Prepare to spend a few hours wandering from room to room as the story unfolds, from Spanish colonial times to the present day. In front of the museum entrance stands a watchtower that was part of the old city walls, as well as a tank used by Fidel Castro during the battle of the Bay of Pigs in 1961. Behind the museum is the glass-encased yacht, the 'Granma', which brought 82 revolutionaries, including Che Guevara and Fidel Castro, from Mexico to set the 1956 Revolution in motion.
The anti-imperialist tone of the museum will delight some and possibly upset others but for history buffs and those interested in the revolution this museum is a treasure trove. Make sure to get the correct change at the museum counter as there have been reports of minor money scams.
Cuba is developing its eco-tourism potential and one of the prime spots for getting back to nature is the Montemar Natural Park on the Zapata Peninsula in the province of Matanzas (about 75 miles/120km from Havana). The hour long drive from Havana is well worth the effort as the park can occupy the whole family for at least a day.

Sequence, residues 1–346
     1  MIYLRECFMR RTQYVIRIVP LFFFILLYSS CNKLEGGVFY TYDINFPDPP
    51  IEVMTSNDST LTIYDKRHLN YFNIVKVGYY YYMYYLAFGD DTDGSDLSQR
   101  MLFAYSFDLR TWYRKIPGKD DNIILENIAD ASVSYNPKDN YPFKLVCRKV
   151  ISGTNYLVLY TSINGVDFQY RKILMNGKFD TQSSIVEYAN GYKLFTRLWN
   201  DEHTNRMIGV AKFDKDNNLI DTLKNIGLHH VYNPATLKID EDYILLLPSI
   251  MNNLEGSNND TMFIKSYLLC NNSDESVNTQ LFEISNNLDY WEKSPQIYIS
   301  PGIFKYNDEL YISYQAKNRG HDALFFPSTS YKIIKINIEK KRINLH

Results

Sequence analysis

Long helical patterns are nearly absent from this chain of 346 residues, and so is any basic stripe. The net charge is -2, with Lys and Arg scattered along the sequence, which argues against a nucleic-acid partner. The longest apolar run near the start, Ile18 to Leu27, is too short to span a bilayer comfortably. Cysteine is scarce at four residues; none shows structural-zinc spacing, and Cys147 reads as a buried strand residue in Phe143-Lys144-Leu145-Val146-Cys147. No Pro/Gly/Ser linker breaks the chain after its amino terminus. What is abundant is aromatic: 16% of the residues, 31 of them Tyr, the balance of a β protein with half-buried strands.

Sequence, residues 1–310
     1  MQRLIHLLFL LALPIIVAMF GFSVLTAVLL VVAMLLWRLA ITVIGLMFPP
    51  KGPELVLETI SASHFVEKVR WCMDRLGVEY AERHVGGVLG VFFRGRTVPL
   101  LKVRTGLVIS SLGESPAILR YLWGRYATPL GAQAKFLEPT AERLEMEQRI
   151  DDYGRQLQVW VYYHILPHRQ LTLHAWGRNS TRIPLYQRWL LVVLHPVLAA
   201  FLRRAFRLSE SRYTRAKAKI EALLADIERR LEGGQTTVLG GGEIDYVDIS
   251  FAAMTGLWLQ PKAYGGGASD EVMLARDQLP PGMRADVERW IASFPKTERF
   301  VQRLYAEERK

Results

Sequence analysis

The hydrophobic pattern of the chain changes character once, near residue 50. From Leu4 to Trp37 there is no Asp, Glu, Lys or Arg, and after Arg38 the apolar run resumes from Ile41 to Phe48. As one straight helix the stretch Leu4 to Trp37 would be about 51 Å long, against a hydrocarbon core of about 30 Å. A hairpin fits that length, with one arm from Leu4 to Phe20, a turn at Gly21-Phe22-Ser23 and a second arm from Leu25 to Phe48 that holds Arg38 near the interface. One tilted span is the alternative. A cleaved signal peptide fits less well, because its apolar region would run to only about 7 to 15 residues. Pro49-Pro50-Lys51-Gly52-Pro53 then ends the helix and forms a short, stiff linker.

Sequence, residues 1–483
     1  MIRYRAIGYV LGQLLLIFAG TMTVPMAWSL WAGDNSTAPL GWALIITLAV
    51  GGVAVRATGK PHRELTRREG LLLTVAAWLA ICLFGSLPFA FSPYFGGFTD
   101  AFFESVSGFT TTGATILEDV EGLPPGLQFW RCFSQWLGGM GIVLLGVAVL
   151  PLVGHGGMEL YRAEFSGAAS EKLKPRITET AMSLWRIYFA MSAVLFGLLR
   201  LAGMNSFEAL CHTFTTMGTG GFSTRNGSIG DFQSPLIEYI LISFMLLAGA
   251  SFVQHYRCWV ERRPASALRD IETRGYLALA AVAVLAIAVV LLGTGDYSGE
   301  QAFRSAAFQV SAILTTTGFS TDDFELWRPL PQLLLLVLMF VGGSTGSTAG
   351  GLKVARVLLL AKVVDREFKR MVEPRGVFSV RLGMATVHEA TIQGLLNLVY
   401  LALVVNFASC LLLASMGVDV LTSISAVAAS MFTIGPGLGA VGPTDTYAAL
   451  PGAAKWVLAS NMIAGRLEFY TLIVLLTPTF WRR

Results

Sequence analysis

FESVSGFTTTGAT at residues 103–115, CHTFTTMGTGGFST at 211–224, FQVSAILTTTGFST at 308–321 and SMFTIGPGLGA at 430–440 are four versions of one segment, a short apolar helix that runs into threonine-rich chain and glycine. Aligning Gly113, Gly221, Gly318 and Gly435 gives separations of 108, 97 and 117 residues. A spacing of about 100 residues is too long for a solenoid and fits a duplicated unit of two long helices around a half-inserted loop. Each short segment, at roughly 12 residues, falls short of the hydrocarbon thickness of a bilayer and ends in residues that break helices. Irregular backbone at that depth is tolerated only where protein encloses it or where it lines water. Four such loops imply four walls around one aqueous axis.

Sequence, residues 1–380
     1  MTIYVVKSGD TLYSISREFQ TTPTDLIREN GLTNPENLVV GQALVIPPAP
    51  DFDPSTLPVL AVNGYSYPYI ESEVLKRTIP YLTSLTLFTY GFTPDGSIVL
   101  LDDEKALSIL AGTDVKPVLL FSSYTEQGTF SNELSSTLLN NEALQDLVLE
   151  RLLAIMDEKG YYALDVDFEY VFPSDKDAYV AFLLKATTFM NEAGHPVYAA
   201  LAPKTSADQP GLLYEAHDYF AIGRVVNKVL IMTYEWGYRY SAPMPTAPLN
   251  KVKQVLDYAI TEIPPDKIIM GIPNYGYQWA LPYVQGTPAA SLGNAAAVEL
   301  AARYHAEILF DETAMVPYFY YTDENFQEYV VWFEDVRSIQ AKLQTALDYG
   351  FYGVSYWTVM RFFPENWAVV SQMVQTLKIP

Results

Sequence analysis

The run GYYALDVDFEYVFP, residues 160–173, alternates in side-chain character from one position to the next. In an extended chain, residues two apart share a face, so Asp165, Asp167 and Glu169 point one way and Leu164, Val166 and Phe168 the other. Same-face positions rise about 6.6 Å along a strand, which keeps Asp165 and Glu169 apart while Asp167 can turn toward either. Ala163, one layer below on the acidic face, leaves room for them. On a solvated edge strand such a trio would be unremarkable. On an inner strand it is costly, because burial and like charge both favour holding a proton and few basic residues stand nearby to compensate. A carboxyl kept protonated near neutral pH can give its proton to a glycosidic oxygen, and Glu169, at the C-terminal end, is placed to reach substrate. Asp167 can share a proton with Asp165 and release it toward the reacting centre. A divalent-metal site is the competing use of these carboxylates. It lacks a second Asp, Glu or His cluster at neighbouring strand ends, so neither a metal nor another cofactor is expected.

The peninsula is home to one of the largest swamps in the Caribbean, and its vast area also includes forests, crystal-clear lagoons and canals. Its exuberant flora, including more than 900 species of plants (115 of them endemic to Cuba) is complemented by its rich fauna, consisting of 160 bird species and 12 types of animal, including crocodiles.